Thursday, December 31, 2009
The Olympic Torch Relay rolled into North Bay last night, having made its way through the tiny village that is my hometown the day before. I went on the advice of one of my uncles. He is sarcastic and cynical, almost always dressed in black, and refuses to be photographed. He and my aunt once owned cats named Topper and Strummer after members of the Clash. So I figured that if he, of all people, was recommending the torch run as something to be seen, then it was worth seeing.
It was pretty commercialized, since Coca-Cola is a sponsor, but there was still lots of neat stuff--the live performances of musicians and acrobats, as well as several community groups. There were even fireworks at the end. My feet were pretty cold by the time that it was over, but that's what I get for wearing running shoes instead of proper boots.
I bought a new winter coat yesterday, after I finally admitted that the boiled wool peacoats that I adore (in a very pretentious, hipster way) are simply not warm enough to cut it in a northern Ontario winter. The coat I picked up is a skiing/snowboarding coat, and it attracted me initially because it has birds on it. (I am simple like that.) It also has a bajillion pockets (and armpit zippers for those days when I am skiing hard) and places to keep my electronic equipment. (Does anyone remember when coats were just coats? And your lift ticket went on the front zipper and it would fly up in your face for the whole night and you liked it? Those were simpler times, Gentle Reader.)
The best part is that it was a $200 coat on sale for $50. I do love a good bargain.
It's New Year's Eve, and I am spending it with the old roommates. I hope that it will be a good night. I really dislike New Year's - to me, it is the prom night of holidays: much ado about nothing, a night where anything could happen but nothing ever does.
Tuesday, December 22, 2009
I am not grading exams right now. I should be, but I am not, because it manages to be both tedious and painful and I have developed seasonal ADD that prevents me from focusing my eyes on a single object for longer than twenty seconds.
It's totally a real medical condition, you guys. For real.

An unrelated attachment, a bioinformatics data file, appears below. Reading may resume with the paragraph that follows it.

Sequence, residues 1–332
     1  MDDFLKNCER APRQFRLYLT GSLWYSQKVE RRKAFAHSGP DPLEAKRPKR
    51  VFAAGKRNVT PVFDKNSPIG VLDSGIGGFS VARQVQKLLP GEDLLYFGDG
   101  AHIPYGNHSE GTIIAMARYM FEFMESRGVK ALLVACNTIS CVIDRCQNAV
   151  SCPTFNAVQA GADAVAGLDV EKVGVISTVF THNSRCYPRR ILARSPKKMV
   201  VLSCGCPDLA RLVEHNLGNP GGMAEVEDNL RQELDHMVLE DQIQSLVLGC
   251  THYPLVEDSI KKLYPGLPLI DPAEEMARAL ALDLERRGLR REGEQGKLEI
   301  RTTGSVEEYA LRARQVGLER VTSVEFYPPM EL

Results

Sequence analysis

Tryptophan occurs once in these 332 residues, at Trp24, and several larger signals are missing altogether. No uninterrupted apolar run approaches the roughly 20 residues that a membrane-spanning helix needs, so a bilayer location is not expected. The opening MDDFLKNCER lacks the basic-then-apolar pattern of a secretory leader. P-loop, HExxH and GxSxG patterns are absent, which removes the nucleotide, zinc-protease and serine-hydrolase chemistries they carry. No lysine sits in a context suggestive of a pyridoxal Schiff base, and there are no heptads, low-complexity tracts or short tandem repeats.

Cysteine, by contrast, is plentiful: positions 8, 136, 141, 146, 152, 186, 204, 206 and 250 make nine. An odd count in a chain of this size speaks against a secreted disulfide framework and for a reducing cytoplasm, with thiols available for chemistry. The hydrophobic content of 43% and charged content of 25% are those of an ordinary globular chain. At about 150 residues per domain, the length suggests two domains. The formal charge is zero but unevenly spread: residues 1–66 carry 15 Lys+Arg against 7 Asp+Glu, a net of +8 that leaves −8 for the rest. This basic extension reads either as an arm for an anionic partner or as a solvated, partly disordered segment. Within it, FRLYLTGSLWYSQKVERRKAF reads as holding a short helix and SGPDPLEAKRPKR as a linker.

The Christmas shopping is all done, although I still have a few gifts to make, and mostly everything is wrapped and sitting in a laundry basket at the door, waiting to be taken away.
It's a bit too early to think about New Year's Resolutions, but I do want to think about the things I want to knit next year. So far, tentative knitting goals are include: 1) knitting ten sweaters (Rogue, Featherweight Cardigan, Coraline, Wrenna, St. James, Icelandic Star are all on the list so far--the really sick part is that I can knit all of these out of stash yarn). 2) My wedding shawl. 3) At least one project per month from my Three Irish Girls stash. 4) Socks. I love wearing handmade socks. I just don't particularly want to make them.
Saturday, December 12, 2009
The school term finally ended on Wednesday, and I am still marking furiously to catch up to my students, who expect to get their essays back on Monday. They will then write the exam on Tuesday (at night!) and I will mark furiously to get it done before Christmas. Good thing I did not sign myself up for lots of Christmas knitting this year.
I did finish the one project I was really keen on: a Swallowtail Shawl for my grandmother. My grandfather has been very sick lately (and has just been diagnosed with a chronic lung condition) and my grandmother has been having a hard time, since she is his primary caretaker. She used to make all sorts of things: she knit, crocheted, sewed, smocked, etc. until her arthritis became too painful for her to continue. Her grandchildren definitely benefitted from all of this creativity, so I wanted to make her something to show her that I was thinking of he.